One of the "1930s" living rooms.

Inside the workshop part of the "Wireless Shop".

One of the 1930s kitchens.

The tobacconist shop.

The main street of the village.

The bakers shop.

Inside the chemist shop.

The downstairs room of a "one up one down" house.

The garden of the chemist, also showing the back of the house next door.

Monday, 16 June 2014

Kedleston Hall - a nice little place!!

Sally got up VERY early this morning and went with her dad for a walk with their chocolate labrador, Libbee. I have to confess that i was still fast asleep when this happened, but that is not too surprising considering the early hour involved!

The weather as a little overcast, but rain seemed unlikely, so we finally went to Kedleston Hall, which is a National Trust property a few miles from where Ron & Beryl live. If you have seen the film "The Duchess", you will have seen the house as it was used in the filming of that.

We were very lucky to be able to take part in a pre-opening talk by two of  the NT volunteers about the history of the house and the family who built it. This was a really interesting talk, and you could tell the they were really enthusiastic about the subject and obviously love their work at the Hall.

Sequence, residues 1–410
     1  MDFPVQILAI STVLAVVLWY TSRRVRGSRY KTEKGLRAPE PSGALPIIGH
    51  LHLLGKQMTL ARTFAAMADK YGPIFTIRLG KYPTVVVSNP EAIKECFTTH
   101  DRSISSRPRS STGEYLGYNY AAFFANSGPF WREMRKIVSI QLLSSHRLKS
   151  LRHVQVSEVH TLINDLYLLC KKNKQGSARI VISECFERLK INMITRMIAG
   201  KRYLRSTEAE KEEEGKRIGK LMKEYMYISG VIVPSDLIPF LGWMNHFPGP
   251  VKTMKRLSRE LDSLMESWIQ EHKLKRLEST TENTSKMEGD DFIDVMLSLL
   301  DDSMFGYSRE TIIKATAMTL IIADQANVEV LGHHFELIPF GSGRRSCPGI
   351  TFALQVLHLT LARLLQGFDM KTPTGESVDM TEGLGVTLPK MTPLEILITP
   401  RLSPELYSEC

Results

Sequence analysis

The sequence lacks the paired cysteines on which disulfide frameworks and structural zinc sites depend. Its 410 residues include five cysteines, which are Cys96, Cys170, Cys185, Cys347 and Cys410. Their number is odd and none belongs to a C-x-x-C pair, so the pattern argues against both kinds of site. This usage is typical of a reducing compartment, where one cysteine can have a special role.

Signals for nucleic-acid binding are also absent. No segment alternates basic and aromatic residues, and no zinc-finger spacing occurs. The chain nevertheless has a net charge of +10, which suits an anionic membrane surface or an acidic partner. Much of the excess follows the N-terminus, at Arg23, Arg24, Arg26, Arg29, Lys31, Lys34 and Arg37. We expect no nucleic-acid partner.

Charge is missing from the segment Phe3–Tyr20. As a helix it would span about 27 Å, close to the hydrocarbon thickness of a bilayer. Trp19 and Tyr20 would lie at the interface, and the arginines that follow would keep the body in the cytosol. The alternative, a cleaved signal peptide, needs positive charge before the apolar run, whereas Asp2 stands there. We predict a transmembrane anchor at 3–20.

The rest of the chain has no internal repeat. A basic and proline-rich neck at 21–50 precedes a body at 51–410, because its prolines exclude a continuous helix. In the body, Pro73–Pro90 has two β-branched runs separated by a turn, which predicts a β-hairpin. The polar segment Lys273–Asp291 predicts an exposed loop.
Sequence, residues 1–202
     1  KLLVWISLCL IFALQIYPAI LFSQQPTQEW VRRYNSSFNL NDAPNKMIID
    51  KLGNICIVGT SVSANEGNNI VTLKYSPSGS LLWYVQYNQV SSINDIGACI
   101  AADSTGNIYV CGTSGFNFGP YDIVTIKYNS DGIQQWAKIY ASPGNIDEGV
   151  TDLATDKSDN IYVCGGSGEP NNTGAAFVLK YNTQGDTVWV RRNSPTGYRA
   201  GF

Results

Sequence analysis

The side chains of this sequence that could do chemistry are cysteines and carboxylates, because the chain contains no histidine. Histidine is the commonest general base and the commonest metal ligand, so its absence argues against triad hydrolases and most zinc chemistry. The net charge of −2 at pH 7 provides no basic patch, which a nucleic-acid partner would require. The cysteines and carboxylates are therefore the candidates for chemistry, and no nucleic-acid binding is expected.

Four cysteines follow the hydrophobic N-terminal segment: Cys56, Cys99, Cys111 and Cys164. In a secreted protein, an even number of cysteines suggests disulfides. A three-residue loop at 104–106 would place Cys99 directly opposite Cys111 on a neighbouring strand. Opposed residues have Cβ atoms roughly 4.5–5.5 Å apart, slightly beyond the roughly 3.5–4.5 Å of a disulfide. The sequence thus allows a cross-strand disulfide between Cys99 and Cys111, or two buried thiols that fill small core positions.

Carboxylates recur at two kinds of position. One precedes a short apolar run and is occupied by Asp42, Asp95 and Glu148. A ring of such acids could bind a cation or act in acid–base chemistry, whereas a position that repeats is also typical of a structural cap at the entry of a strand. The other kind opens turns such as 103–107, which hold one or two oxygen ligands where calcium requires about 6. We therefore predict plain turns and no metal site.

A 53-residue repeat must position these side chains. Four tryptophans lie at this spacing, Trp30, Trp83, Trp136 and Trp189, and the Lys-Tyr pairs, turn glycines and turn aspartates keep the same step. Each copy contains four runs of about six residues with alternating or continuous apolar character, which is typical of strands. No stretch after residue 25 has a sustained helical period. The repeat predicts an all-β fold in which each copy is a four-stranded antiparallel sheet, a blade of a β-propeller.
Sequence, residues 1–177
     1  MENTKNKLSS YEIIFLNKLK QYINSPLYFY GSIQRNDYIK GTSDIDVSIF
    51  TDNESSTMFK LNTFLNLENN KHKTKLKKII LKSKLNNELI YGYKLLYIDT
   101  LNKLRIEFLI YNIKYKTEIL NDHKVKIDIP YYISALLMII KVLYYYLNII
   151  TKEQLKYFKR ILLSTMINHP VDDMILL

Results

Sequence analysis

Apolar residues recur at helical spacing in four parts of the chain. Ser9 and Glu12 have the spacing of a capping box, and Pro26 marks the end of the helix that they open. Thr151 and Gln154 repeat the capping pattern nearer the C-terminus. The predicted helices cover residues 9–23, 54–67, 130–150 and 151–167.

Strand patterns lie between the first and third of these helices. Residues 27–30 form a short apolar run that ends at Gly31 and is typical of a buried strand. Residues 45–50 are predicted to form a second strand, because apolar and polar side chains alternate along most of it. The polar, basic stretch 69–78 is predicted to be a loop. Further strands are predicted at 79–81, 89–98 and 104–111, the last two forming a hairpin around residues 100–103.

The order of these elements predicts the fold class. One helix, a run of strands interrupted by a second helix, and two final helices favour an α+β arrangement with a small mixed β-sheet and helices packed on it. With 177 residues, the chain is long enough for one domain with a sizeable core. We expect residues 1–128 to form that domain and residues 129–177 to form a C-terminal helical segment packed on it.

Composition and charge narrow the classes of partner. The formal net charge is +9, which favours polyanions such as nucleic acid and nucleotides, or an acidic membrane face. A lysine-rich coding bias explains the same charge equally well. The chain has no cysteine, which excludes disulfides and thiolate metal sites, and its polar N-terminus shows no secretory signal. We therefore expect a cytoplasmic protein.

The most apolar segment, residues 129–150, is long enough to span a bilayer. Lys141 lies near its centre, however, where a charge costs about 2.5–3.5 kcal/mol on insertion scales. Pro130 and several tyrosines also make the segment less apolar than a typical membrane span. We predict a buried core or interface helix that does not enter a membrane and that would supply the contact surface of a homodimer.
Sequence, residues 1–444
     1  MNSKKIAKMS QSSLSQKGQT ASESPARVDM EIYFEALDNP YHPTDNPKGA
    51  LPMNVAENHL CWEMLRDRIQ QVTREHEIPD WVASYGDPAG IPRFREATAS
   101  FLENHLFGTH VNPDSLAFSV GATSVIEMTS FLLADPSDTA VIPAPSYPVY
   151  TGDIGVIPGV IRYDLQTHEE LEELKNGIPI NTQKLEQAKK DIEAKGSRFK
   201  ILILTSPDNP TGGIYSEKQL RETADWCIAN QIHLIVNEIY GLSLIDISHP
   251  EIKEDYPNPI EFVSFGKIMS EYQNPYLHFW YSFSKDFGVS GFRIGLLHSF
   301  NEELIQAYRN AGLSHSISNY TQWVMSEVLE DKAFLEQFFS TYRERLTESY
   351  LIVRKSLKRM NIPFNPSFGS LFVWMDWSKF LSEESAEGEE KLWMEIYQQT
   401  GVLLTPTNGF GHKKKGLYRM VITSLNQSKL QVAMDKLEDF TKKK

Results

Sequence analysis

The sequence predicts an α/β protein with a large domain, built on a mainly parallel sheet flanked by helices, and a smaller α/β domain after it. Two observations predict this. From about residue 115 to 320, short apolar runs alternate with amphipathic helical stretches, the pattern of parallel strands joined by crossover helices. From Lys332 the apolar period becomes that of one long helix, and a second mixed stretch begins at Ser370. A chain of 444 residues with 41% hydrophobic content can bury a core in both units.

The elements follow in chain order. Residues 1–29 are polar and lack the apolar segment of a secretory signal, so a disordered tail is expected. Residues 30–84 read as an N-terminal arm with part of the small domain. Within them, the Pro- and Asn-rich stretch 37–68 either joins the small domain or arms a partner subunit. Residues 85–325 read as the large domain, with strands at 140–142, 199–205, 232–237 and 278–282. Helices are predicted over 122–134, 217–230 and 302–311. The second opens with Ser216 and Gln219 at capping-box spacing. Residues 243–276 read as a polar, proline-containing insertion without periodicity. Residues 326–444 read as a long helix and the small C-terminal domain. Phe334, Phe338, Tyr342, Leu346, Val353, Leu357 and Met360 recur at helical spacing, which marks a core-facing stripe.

This was noticeable with all of the volunteers we encountered - quite often at NT properties they seem almost as though their job it to guard the places and make sure that you don't pinch anything - these were all keen to talk to you and tell you about things, explain the reasons behind some of the features, tell you stories about their history - they made the whole visit so much more interesting we thought.

Some of the rooms were stunning - both in size and decor. It turns out that the majority of the Hall was simply designed and built to show off the owners wealth and "culture", which we gather was the done thing in the mid to late 18th Century - it was important to let others know just how rich and cultured you were, even if you didn't really like the results. ( you do wonder if things have actually changed that much!!)

This photo is of the so called "Marble Hall" - in fact the vast columns are actually made from alabaster, and were originally installed as smooth round ones - the house owner wanted them fluted, and they were fluted in situ! There is over 2 miles of fluting on the columns in this room.